Why I Have the Worst Personality To Be a Blogger

You may know that in a former life, I was a high school teacher. Much of what made me good at teaching also makes me good at blogging. I am organized, creative, efficient and responsible. However, I have several traits that made teaching a difficult profession for me—traits that likewise make me an unlikely candidate for turning blogging into my business.

I am …

… a worrier

I don’t use the term anxiety lightly; I am an anxious person to the point of needing treatment at various points in my life. I have my generalized anxiety and OCD very well managed thanks to medication (which I still take) and some solid therapy (which I completed prior to having children), but there is no healthy amount of medication that will stop me from being a worrier. It’s no longer a clinical, paralyzing worry, but it can still leave me with that unpleasant pit in my stomach and keep me awake some nights. What do I worry about when it comes to my blog? Well, the fragility of my enterprise, for one. I don’t have an inventory. I don’t make a product that I sell. My blog is completely and entirely dependent on something I cannot even see (the Internet). It’s dependent on people reading what I write. Currently, Facebook is making it extremely stressful for bloggers like me with a Branded Content policy that is difficult to understand and seems to threaten my very existence as a blogger who uses Facebook as one of the main ways to share her work. I worry that I’ll wake up tomorrow and my Facebook page will be deleted. Want to know something funny? Every single time I have a message notification on my Facebook page, for a split second I am convinced it’s bad news. For a split second, I’m sure it’s either Facebook administration telling me they’re taking my page down or a reader who bought something I recommended and hates it. Neither of these things has ever actually happened, by the way. Just know that if you message me to ask about menstrual products or baby carriers or cats, for a brief moment I am convinced your message is a harbinger of doom.

… a people-pleaser

I would love to spend the day in the shoes of someone who legitimately does not GAF about what other people think of her. I have tried. I have tried to be that woman and I have failed. I don’t know if you are aware, but being on social media is one giant invitation to be judged. It’s also a place where people feel really comfortable sharing their harshest judgments with you directly. The thing is, I use social media and my blog to express MY opinions, which I would never tout as unbiased or completely objective. I have beliefs, and people who don’t share my beliefs are certainly welcome to disagree with me. I just feel bad when they disagree with me. Even if they act like petulant children and lash out at me in all-caps that they are un-liking my page, I still get this little feeling like I’m being punched in the stomach. When I “came out” (PUN INTENDED) as pro-marriage equality—a stance on which I shall never waiver—I lost a lot of Facebook fans. The worrier in me feared this could affect my relationships with potential sponsors. The people-pleaser in me felt bad that I’d pissed people off: even if they were people with whom I fundamentally disagreed. On a less controversial note, I just don’t like to disappoint people, even if their disappointment is unfounded or exaggerated. I recently had a commenter tell me that one of my Holiday Gift Guides disappointed her. A slew of justifications and apologies spilled from my fingers. I didn’t even need to engage with the comment, but I just can’t stand disappointing people! (I also feel terrible when I have a giveaway and it’s not open to both Canada and the US, even though that’s always the sponsor’s call and not because I have some vendetta against either my compatriots or my southern neighbours.)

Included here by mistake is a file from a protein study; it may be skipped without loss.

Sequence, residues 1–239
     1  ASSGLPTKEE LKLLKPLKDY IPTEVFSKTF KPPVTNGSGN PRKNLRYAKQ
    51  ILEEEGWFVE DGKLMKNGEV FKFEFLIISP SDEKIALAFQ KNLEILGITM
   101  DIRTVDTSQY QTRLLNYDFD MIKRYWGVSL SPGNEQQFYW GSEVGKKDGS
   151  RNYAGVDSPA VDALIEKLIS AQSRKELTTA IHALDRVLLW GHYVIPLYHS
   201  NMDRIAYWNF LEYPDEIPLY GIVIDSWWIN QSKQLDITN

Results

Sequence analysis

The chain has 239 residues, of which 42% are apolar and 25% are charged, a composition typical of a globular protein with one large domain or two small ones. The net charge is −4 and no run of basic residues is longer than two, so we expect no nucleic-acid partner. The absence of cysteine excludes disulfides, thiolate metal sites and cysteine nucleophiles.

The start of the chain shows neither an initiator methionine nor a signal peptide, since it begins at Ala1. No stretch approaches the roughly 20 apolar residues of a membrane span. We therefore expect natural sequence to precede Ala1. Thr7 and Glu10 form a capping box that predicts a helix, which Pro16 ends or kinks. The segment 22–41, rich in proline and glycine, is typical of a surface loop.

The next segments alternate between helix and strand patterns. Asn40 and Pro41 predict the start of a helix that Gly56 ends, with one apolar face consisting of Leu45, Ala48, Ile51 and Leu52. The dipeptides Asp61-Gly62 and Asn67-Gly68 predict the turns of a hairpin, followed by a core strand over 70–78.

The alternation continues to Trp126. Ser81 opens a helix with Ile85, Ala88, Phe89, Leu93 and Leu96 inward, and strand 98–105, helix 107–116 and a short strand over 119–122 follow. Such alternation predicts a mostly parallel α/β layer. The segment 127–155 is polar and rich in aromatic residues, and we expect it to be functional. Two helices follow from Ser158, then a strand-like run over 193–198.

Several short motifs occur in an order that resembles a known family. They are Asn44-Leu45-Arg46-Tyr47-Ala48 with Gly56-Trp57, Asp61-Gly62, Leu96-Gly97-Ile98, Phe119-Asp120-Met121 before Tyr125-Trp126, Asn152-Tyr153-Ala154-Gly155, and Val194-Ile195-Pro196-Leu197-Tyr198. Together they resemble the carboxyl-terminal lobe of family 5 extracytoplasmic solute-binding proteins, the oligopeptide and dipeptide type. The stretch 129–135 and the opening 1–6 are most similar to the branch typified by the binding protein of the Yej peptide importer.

… a sensitive soul

Much to my husband’s dismay, I am brutally sensitive. I can come off as sarcastic and nonchalant about things, but I take everything so freaking personally! I like to be liked. Being disliked is one of my least favourite things. I have seen some appalling comments from Internet trolls (so as to be differentiated from animated trolls voiced by Justin Timberlake) addressed to fellow bloggers, and I am so lucky that I have thus far been spared. Because it would destroy me. I mean, I’d totally laugh it off and share it with my readers to say: “Haha, look at this mean troll!” But on the inside … it wouldn’t be pretty. My fans and readers are overwhelmingly positive and supportive, and I think this is mostly because I am very sincere and very honest in everything I post. Maman Loup isn’t a persona, it’s just me. I am not trying to create a curated Instagram feed or an idealistic Facebook page; I’m just being myself and I’m happy to capitalize on my imperfections. One particularly inconvenient imperfection is that I take it personally whenever my Facebook fan count goes down.